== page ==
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Mo Mowlam:
"A good friend and a wonderful ambassador"
 real 28k

Ulster Unionist MP Ken Maginnis:
describes Baroness Denton's "telling contribution" to Northern Ireland
 real 28k

Tuesday, 6 February, 2001, 13:18 GMT
Former minister Lady Denton dies
Baroness Denton
Baroness Denton: First woman minister at Stormont
The former Northern Ireland minister Baroness Jean Denton, 65, died on Tuesday after a long battle with cancer.

Baroness Denton served at Stormont under the Tories from 1994 to 1997 when the general election brought Labour to power.

When she was appointed by Prime Minister John Major she became the first woman to hold a ministerial post at the Northern Ireland Office.

Her first brief in Belfast was that of agriculture, health and social services.

Later she took up the post of economy minister.

Before she came to Northern Ireland she was a parliamentary under-secretary at the Department of Trade and Industry.

Fair employment row

During her time at Stormont, Baroness Denton's office, at the Department of Agriculture, was at the centre of a fair employment row.

The controversy emerged in early 1997.

A Catholic woman, who had received damages for sectarian harassment against an aide of the minister, was moved from her job while the aide stayed as private secretary to the Baroness.

Mo Mowlam
Mo Mowlam was a friend of Lady Denton

After leaving office Lady Denton criticised the advice she had been given over the case.

During an interview for BBC NI's Hearts and Minds programme she said top civil servants held too much power.

In her personal life Baroness Denton struggled with cancer for many years.

In the late 80s she recovered from breast cancer and three years ago she had a brain tumour removed.

Among those who supported her at that time was, the then, Northern Ireland Secretary Mo Mowlam.

She also had surgery for a brain tumour and was by Lady Denton's bedside as she recovered.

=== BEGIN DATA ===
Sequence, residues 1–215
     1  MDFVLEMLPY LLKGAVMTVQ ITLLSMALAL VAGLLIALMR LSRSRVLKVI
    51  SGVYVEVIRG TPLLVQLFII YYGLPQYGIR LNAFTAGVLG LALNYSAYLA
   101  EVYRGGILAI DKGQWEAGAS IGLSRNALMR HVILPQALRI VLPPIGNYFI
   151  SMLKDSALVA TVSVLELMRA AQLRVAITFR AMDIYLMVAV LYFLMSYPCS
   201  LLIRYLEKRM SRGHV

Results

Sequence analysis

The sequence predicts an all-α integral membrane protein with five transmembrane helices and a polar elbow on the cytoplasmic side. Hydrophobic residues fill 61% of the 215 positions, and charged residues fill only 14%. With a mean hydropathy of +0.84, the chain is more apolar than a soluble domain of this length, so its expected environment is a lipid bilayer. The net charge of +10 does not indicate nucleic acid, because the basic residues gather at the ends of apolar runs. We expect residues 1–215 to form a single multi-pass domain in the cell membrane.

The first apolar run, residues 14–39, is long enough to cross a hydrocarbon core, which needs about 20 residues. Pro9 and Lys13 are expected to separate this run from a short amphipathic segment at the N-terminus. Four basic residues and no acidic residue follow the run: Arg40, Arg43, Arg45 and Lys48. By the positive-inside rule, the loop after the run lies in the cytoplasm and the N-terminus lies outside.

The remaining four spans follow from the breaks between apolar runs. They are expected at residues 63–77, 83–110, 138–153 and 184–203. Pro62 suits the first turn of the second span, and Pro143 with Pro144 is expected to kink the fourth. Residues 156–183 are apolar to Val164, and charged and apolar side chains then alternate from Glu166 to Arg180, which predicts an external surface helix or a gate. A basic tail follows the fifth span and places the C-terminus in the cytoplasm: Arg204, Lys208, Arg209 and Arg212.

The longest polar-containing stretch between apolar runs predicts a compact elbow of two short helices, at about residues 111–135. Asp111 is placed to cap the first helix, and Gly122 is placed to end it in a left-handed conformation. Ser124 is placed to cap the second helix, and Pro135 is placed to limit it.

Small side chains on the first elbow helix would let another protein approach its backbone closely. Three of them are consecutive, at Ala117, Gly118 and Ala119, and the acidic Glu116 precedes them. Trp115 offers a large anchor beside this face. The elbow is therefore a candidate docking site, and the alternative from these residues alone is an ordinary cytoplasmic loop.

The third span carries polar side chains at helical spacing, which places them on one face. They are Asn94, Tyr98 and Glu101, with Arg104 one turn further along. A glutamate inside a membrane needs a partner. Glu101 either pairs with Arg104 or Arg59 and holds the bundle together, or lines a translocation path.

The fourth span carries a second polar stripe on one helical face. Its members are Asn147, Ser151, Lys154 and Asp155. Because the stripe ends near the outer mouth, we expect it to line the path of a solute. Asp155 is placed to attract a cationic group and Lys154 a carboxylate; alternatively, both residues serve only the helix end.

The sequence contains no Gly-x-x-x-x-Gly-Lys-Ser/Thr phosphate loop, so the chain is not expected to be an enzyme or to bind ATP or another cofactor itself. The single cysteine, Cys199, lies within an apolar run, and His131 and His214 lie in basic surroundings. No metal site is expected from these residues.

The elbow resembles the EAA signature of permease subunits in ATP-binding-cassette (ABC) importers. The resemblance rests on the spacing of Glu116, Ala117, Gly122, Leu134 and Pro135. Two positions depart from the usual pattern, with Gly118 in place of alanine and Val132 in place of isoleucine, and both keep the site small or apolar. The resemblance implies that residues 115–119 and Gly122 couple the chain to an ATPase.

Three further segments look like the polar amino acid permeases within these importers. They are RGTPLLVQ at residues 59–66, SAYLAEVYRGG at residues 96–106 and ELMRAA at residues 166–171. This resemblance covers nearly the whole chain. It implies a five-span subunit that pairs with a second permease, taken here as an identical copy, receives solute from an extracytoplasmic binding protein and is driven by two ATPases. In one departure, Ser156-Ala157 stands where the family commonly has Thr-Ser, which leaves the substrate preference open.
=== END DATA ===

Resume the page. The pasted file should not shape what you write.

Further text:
The two women were great friends and beyond political rivalry had much in common.

Speaking on Tuesday, Ms Mowlam described Baroness Denton as "a wonderful woman who will be sorely missed and a wonderful ambassador for Northern Ireland".

"She understood the fundamental that if peace was to hold people needed jobs," she said.

Racing driver

Baroness Denton's career in politics took off after success in the world of business.

She was also a former British racing driving champion.

After her divorce more than 20 years ago, she remained single and channelled her energies into her career.

She once told Who's Who her favourite hobby was "talking shop".

Jean Denton was made a life peer and Baroness Denton of Wakefield in 1991.

She was educated at the London School of Economics.


Among the politicians to pay tribute to Lady Denton on Tuesday was the Ulster Unionist Party MP Ken Maginnis.

He described the Baroness as "a gutsy but dignified lady" who had a wonderful sense of humour and who had made a telling contribution to the province.

She was always a very down to earth person

Alliance Party leader Sean Neeson on Baroness Denton

"I wouldn't say she despised red tape but she was certainly somebody who wanted to cut through bureaucracy and get on with the real job," he said.

The Alliance Party leader, Sean Neeson, said the Baroness Denton "worked tirelessly to improve the economic well-being of this region".

He said: "She was always a very down to earth person and will be remembered for her very positive attitude to life."

The Conservative Party chairman, Sir Michael Ancram, said: "The whole party will be saddened by the death of Jean Denton.

"Having served with her in the Northern Ireland Office, I can personally pay tribute to her energy and determination."

The Northern Ireland secretary, Dr John Reid, said: "All those who worked with her will remember the energy, commitment and enthusiasm that she brought to her role.

"Northern Ireland has much to be grateful to Jean Denton for."

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